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Sole Hope: St. Peter’s Lutheran Church hosts shoe-cutting party

A little over a dozen members of St. Peter’s Lutheran Church chatted Saturday morning as they sat around tables in the church’s basement cutting pairs of jeans into pieces that will eventually become shoes for Ugandan children.
Sole Hope uses shoes to provide jobs and medical relief in Uganda.
“We enjoy the fact that people can be hands on,” said Holly Jones, Sole Hope’s United States office director. “It’s rewarding and it’s fun — it’s a craft. Who doesn’t like a craft?”
Sole Hope was initially based in Asheville, but on June 1, Jones moved the nonprofit’s U.S. office to Salisbury.
Jones is a 2005 South Rowan graduate, and she graduated from Western Carolina University in 2009.
She began working with Sole Hope as a volunteer from the organization’s beginning. She continued as a volunteer for two years, and then served as the assistant to the director for a year and a half. When the director moved to Uganda in January of 2013, Jones became the U.S. office director.
Jones is working out of a temporary office now, but hopes to move into the nonprofit’s permanent location on Lee Street by mid-August.
The organization’s Ugandan headquarters is in Jinja, the nation’s second largest city.
“Everywhere we work is within five hours of there,” Jones said.
Volunteers in the United States and throughout the world cut pieces of denim to match patterns. Those pieces are sent to Uganda, where local men and women are employed and paid by Sole Hope to make shoes out of the denim and recycled tires.
Once the shoes are made, Sole Hope staff and volunteers hold medical relief clinics in the area around Jinja.
Children come and have their feet inspected for jiggers — sand fleas that embed themselves in the bottom of the children’s feet. Once they’re in there, a blister forms, making it incredibly painful to walk on.
If jigger-free, the child’s feet are washed and they’re given a pair of shoes.
If not, their feet are soaked in peroxide, which suffocates the parasites. Then, the children move on to a separate station, where the jiggers are removed and their feet are bandaged. After that, the children are given shoes.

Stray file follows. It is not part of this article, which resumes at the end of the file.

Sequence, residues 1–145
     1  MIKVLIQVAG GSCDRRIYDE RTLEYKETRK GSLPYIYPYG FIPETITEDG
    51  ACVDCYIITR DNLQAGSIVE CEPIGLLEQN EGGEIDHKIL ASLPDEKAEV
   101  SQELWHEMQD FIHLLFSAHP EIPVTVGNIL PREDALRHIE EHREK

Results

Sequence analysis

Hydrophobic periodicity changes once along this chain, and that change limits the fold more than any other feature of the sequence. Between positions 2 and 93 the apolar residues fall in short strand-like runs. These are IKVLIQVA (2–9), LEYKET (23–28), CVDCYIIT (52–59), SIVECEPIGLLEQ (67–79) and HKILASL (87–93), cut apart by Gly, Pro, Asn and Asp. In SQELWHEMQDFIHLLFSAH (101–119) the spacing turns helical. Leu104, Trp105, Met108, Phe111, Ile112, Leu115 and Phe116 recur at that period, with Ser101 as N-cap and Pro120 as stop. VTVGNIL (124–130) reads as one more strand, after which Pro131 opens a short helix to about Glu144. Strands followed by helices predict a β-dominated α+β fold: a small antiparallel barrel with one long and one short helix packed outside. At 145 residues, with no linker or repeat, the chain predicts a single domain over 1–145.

They use safety pins to remove the jiggers “because that’s how they’ve always done it,” Jones explained. “We don’t want to change anything in their culture.”
The Sole Hope team keeps records of each child, how many jiggers they had and where.
The Sole Hope team continues to visit the village, providing follow-up medical care and education, until the village is jigger-free.
“It’s a super simple concept — it’s just that they’ve never been taught,” Jones said.
Last year, the nonprofit held 92 medical clinics and removed more than 13,000 jiggers. This year, they hope to double that number.
“When I saw the pictures of the children’s feet with the jiggers in them, it just broke my heart,” said Carla Shenk, who helped organized the event.
Church member Laurie Olive said she felt the project was a worthwhile one.
The group at St. Peter’s was enthusiastic about the project.
“People are trying to find things to do to give back to society,” she added.
Molly Blackwell was sitting at Olive’s table, cutting out denim pieces and helping several of the children sitting nearby.
“I think it’s something easy that a group of people can get together and do,” she said. “We made it a family and church thing.”
“I hope this is going to be an ongoing project for St. Peter’s,” Shenk added.
Jones said shoe-cutting parties are a popular way to volunteer with Sole Hope.
Each week, she sends out 40 party kits to locations across the United States. She’s also had requests in Canada, Australia and Japan.
In addition, volunteers can help out at the nonprofit’s office in Salisbury.
Sole Hope also has financial needs, which are met through donations and merchandise sales, such as baby shoes and water bottles.

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